Celebration of March 8 by the Association of Evangelical Women of Bossangoa. Photo credit: Association of Evangelical Women of Bossangoa

Our Partners’ Corner: Women's rights organizations in the digital age

Every year, the month of March is another opportunity to celebrate the progress made towards achieving women's rights, but it is also an opportunity to highlight the multiple challenges that stand in the way of gender justice and to advocate for change.   

This year's theme is an inclusive digital world to fight gender inequality. But in West Africa, the reality is still far different. For grassroot organizations working to promote women's rights, it is still difficult to take advantage of the full potential of new digital technologies given the many obstacles that still prevent young girls and women from accessing them.   

Several women's organizations in the Central African Republic share this observation. We spoke to one of them, the Association des Femmes Evangéliques de Bossangoa. AFEB is a humanitarian association that seeks to promote women's rights and protect children. 

Question: As a grass root organisation, what does the global theme for Women's Day 2023 mean to you? "For an inclusive digital world: innovation and technologies for gender equality” 

AFEB: Being a grass root organization promoting women's rights, the International Women's Day theme means a lot of things to us women in Batangafo. Firstly, it places us on an equal level with men when it comes to making use of new technologies. These information and communication tools are not only used by men, but also by women. Thanks to this digital world, we can improve our knowledge through online training or follow what is happening around the world on our mobile phones or even receive awareness messages. In a word, this topic is very important for the women of Batangafo. Why is that? It is because in some households, spouses forbid their wives to use phones. They think it is a sign of infidelity when a woman uses the phone. 

Question: In West Africa, what opportunities and challenges do you think the digital world brings in terms of empowering women and youth in Africa?  

AFEB: There are both opportunities and challenges in the digital world for the empowerment of women. In terms of opportunities, women in today's world can access training online while staying in their locality or country. Even money transactions, through mobile cash transfers, which make it much easier for women to run small businesses locally. Other opportunities that can be listed include: setting up email addresses, social media accounts, online businesses, participation in online meetings, scholarships for young boys and girls are some of the many opportunities for the betterment of African women and youth. 

Question: What has been your experience with access to information and communication technologies?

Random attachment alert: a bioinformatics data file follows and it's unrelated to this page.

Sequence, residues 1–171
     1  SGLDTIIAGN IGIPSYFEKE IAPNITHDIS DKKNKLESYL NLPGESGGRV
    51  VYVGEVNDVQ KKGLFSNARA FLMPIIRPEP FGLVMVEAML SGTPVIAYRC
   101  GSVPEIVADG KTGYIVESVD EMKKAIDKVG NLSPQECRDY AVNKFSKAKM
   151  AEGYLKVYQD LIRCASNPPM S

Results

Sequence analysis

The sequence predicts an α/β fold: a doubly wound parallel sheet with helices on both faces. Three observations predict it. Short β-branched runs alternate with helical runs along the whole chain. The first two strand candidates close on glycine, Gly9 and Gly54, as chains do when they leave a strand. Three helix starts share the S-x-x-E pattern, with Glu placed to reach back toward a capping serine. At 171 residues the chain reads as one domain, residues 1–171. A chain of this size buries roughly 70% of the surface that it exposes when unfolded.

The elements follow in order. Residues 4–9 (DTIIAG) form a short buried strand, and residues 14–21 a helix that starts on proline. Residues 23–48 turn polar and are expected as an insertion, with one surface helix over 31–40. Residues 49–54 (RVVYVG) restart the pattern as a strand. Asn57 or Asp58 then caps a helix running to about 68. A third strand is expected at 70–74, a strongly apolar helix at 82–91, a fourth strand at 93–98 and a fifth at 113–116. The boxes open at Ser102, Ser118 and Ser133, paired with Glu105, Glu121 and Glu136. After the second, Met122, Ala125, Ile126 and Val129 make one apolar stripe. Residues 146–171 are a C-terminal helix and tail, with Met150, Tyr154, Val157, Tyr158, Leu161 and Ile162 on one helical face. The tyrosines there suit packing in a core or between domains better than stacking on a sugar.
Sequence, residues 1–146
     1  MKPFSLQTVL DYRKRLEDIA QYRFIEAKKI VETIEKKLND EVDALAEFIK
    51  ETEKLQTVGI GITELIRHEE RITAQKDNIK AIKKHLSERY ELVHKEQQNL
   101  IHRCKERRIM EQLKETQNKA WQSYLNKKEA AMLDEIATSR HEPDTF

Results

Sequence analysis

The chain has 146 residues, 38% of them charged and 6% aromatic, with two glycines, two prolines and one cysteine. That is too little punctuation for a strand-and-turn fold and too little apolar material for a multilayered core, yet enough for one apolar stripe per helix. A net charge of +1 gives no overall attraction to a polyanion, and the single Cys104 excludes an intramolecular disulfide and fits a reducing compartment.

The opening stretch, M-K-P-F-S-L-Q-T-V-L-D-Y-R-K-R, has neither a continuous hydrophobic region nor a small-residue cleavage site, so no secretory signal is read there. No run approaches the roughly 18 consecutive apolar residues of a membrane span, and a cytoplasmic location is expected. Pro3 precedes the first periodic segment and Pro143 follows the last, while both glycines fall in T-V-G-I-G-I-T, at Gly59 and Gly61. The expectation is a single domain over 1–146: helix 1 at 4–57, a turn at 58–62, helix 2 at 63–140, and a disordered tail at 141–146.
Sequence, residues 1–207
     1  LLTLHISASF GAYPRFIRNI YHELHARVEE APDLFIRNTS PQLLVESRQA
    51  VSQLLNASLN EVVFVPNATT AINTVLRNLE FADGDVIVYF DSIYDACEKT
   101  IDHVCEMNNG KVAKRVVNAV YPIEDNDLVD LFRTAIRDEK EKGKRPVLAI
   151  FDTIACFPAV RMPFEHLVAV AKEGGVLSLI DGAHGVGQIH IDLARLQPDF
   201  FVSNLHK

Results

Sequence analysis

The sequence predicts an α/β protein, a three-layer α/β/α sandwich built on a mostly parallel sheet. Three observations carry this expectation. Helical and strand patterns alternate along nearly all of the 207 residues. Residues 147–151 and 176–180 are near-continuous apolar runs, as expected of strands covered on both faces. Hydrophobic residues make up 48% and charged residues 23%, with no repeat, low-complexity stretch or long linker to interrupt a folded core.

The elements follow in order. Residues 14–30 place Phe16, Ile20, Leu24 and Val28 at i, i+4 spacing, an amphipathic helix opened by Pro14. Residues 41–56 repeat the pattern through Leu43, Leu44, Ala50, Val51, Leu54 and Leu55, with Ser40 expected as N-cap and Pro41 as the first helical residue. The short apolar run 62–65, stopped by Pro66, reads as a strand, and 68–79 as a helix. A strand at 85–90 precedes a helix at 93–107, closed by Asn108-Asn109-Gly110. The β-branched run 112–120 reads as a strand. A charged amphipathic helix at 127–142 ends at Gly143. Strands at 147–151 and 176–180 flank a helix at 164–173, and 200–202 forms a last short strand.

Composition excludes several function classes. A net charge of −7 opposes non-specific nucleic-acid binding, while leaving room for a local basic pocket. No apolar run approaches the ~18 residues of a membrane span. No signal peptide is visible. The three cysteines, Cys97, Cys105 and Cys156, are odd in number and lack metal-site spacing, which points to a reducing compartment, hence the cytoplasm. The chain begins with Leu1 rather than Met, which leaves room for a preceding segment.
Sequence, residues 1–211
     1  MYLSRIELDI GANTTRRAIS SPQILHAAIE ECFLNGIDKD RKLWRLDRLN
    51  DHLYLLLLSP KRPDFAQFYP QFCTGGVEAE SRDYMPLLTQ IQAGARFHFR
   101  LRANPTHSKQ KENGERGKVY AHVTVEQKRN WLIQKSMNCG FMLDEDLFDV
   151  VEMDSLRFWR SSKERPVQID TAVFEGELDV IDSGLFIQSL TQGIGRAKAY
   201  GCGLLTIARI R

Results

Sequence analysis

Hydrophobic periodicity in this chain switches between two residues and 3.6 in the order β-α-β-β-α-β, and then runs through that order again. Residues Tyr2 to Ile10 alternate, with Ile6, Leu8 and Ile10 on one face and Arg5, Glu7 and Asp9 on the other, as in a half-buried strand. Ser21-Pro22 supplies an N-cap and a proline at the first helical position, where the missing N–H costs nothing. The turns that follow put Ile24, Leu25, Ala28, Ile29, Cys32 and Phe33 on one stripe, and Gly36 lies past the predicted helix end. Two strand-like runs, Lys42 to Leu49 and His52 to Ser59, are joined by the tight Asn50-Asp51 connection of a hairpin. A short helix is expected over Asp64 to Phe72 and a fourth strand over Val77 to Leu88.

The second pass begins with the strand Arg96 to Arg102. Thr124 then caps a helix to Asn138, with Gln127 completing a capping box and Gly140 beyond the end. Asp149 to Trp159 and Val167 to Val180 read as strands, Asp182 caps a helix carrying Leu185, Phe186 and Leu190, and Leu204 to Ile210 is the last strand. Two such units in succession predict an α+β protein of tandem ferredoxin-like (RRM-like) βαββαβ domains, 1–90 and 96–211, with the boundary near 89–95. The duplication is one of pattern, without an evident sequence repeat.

AFEB: Our experience is mainly related to the use of mobile phones, which we use to send communications or monitor local radio news. As for the internet, we have trouble connecting to it because of the disruption of the network, as even access to suitable phones is very difficult. 

Question: Has this experience had a positive or negative impact on reaching your organizational goals? If so, how?  

AFEB: This experience has a positive impact on the achievement of our organizational goals. For example, when we want to hold our weekly meetings, we sometimes use our mobile phones to call each other to attend regular or urgent meetings. Even for our basic documents (Statutes and Rules of Procedure), we have computerized them using the computer of people of good faith who support us in this sense.   

On the negative side, there have been cases of harassment and threats on the phone from some ill-intentioned men or even our own spouses when we take part in meetings or training workshops; this usually leads to domestic violence, couple separations due to the use of mobile phones, etc. There are also cases of phones being stolen. Finally, we always regret the unpleasant behaviour of certain husbands at home because of the use of mobile phones by their wives. This is a big challenge in achieving our organizational goals. For example, if our General Financial Officer is supposed to come to our meeting to allocate funds for our activities and her husband prevents her from attending the meeting, the whole organization is unable to do what we had planned to do because she is the one keeping the money. 

Question: What are your suggestions to improve access to ICTs for grassroots organizations?   

AFEB: We, as a local women's rights organization, recommend the following:  

  • Create a computer training centre with equipment for the women of Batangafo so that they are on the same level as other women in the world;  
  • Provide our organizations with computer and office support;  
  • Advocate for the improvement of the quality of the internet connection in Batangafo; 
  • Train women on digital entrepreneurship to promote our local products and articles;